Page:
The Lost Gospel and Its Contents eBook

This eBook from the Gutenberg Project consists of approximately 159 pages of information about The Lost Gospel and Its Contents.

How could it possibly have happened that a record of the highest value, on account both of its fulness and extreme antiquity, should have perished, and have been superseded by four later and utterly unauthentic productions, one its junior by at least 120 years, and each one of these deriving from it only a part of its teaching; the first three, for no conceivable reason, rejecting all that peculiar doctrine now called Johannean, and the fourth confining itself to reproducing this so-called Johannean element and this alone?  It is only necessary to state this to show the utter absurdity of the author’s hypothesis.

But the marvel is that a person assuming such airs of penetration and research [63:1] should not have perceived that, if he has proved his point, he has simply strengthened the evidence for the supernatural, for he has proved the existence of a fifth Gospel, far older and fuller than any we now possess, witnessing to the supernatural Birth, Life, Death, and Resurrection of Jesus.

The author strives to undermine the evidence for the authenticity of our present Gospels for an avowedly dogmatic purpose.  He believes in the dogma of the impossibility of the supernatural; he must, for this purpose, discredit the witness of the four, and he would fain do this by conjuring up the ghost of a defunct Gospel, a Gospel which turns out to be far more emphatic in its testimony to the supernatural and the dogmatic than any of the four existing ones, and so the author of this pretentious book seems to have answered himself.  His own witnesses prove that from the first there has been but one account of Jesus of Nazareth.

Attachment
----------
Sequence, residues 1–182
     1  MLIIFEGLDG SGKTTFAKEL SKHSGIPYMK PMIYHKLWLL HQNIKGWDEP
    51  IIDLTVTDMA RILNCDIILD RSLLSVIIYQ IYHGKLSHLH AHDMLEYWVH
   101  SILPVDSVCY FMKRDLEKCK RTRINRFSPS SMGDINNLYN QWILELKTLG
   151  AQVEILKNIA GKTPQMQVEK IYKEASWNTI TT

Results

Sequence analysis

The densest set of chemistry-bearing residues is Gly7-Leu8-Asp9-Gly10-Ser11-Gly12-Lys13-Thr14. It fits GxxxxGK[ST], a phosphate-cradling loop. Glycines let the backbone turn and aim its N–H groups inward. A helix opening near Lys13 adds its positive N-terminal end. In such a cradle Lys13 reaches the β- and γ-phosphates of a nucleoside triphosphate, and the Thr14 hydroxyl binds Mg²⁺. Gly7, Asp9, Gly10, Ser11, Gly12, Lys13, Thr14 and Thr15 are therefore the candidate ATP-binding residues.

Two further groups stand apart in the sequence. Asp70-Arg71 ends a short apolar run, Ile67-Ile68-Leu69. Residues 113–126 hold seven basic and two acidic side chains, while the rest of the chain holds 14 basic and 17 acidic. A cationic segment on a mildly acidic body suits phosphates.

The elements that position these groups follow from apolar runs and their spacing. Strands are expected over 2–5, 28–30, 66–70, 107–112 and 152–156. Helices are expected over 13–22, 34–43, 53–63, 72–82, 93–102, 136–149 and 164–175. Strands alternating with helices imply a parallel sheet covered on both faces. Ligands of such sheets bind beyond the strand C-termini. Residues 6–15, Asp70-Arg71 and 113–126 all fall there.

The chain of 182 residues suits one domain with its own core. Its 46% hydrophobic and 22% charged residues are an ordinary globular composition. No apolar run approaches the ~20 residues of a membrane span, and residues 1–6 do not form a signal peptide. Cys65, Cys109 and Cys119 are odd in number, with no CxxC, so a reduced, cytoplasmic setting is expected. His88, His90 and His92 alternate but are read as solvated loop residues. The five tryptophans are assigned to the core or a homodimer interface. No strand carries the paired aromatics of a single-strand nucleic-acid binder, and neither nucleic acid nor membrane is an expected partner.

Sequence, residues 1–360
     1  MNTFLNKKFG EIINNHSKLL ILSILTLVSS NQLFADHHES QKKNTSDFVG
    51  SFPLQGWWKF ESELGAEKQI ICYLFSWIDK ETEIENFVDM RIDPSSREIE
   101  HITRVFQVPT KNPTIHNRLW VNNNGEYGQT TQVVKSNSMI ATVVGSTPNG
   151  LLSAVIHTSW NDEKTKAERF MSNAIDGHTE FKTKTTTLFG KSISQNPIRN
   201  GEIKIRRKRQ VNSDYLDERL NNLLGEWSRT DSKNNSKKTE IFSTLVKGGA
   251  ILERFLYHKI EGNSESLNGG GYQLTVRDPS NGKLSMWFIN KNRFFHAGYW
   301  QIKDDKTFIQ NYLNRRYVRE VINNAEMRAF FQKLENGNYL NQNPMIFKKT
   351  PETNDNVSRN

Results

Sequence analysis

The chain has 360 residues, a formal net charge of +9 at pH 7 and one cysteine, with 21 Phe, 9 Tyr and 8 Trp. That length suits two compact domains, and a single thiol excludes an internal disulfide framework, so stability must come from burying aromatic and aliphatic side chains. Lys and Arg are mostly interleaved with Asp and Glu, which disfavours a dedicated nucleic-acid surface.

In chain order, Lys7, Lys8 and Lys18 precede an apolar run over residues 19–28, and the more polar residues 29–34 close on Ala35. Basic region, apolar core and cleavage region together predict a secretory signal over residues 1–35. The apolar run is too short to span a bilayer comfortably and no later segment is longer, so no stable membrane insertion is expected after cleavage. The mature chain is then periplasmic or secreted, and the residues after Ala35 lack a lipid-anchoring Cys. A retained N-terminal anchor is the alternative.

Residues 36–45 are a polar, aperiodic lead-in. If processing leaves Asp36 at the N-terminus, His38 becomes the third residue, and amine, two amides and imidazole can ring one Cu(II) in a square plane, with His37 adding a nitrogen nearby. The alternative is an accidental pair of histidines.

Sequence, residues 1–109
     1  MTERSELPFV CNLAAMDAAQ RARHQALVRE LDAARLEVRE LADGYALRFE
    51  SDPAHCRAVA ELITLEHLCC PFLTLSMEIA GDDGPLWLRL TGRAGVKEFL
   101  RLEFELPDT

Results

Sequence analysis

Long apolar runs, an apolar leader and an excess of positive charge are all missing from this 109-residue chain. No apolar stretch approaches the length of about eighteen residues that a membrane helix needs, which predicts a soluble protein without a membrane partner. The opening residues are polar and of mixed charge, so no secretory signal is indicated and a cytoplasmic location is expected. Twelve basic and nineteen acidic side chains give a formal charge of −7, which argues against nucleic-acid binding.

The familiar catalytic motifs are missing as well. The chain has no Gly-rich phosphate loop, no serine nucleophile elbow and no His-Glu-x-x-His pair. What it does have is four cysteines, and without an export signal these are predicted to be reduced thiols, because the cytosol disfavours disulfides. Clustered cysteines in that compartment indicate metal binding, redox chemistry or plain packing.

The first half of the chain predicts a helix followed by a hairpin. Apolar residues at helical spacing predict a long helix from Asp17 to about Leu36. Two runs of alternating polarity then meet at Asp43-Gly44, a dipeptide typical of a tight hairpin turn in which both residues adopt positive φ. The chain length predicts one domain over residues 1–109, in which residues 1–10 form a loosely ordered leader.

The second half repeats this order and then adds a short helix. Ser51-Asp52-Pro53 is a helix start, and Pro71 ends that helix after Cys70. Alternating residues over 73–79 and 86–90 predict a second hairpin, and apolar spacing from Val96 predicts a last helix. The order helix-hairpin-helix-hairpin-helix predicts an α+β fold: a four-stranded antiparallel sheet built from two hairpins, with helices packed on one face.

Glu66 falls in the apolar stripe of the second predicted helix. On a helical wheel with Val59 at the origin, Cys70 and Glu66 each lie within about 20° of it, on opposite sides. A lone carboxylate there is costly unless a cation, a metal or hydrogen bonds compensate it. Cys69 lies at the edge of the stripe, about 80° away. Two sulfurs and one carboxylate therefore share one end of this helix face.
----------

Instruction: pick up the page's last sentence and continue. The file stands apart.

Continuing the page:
SECTION XI.

The principal witness on our lord’s godhead.

The author of “Supernatural Religion” has directed his attacks more particularly against the authenticity of the Gospel according to St. John.  His desire to discredit this Gospel seems at times to arise out of a deep personal dislike to the character of the disciple whom Jesus loved. (Vol. ii. pp. 403-407, 427, 428, &c.)

On the author’s principles, it is difficult to understand the reason for such an attack on this particular Gospel.  He is not an Arian or Socinian (as the terms are commonly understood), who might desire to disparage the testimony of this Gospel to the Pre-existence and Godhead of our Lord.  His attack is on the Supernatural generally, as witnessed to by any one of the four Gospels; and it is allowed on all hands that the three Synoptics were written long before the Johannean; and, besides this, he has proved to his own satisfaction, and to the satisfaction of the Reviewers who so loudly applauded his work, that there existed a Gospel long anterior to the Synoptics, which is more explicit in its declarations of the Supernatural than all of them put together.

However, as he has made a lengthened and vigorous attempt to discredit this Gospel especially, it may be well to show his extraordinary misconceptions respecting the mere contents of the Fourth Gospel, and the opinions of the Fathers (notably Justin Martyr) who seem to quote from it, or to derive their doctrine from it.

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The Lost Gospel and Its Contents from Project Gutenberg. Public domain.
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